Wednesday, 5 August 2015: 5:45 PM
Republic Ballroom AB (Sheraton Boston )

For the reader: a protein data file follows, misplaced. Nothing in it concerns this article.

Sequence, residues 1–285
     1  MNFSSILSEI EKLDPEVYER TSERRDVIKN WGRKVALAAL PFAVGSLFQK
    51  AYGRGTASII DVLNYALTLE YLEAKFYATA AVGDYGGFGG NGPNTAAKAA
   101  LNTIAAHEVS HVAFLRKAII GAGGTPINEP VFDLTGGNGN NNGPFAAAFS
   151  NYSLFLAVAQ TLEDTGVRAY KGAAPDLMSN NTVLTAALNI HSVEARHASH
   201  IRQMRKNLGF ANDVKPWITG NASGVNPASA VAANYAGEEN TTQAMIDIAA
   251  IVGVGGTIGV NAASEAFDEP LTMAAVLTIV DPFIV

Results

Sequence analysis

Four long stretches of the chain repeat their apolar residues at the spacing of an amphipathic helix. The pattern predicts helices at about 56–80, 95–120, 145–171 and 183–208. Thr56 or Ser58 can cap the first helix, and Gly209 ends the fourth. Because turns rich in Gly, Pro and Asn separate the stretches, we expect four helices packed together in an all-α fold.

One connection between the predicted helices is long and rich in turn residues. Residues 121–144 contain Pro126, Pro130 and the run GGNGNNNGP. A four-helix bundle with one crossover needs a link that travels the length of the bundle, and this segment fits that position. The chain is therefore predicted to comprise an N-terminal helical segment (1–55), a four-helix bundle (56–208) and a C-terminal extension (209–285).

The genesis and propagation of elevated nocturnal mesoscale convective systems (MCSs) are not well understood or simulated in numerical models. The Weather Research and Forecasting (WRF) model is used here to investigate whether downdrafts within an MCS can impinge on the stable nocturnal boundary layer (SNBL), creating gravity waves within the MCS that can couple with the convection, maintaining the MCS. A real-data simulation of a nocturnal elevated MCS that occurred on 9-10 August 2014 was performed. NEXRAD imagery showed that this storm produced a prominent bore ahead of the system that was maintained for several hours. The bore generated a series of gravity waves, which appeared to initiate short-lived convection in their wake. The simulation was initialized using NAM and uses a 200 m moving nest to resolve the small-scale convective processes within the system. About 15 km behind the convective line, the stable nocturnal boundary layer (SNBL) is compressed by a downdraft immediately above it; just ahead of this, a wave is present which results in a decrease in potential temperature of about 1 K and upward vertical velocities of about 2 m s-1. The exact depth of the impression on the SNBL varies from about 200-400 m, velocity of downdraft varies from about 0.5 to 2 m s-1, and the amplitude of the wave is about 300 m. These features are consistently present over the period of approximately one hour. Sensitivity tests removing the effects of latent heating and precipitation drag are used to identify their role on the wave generation and maintenance. The role of the wave in maintaining convection will also be discussed.
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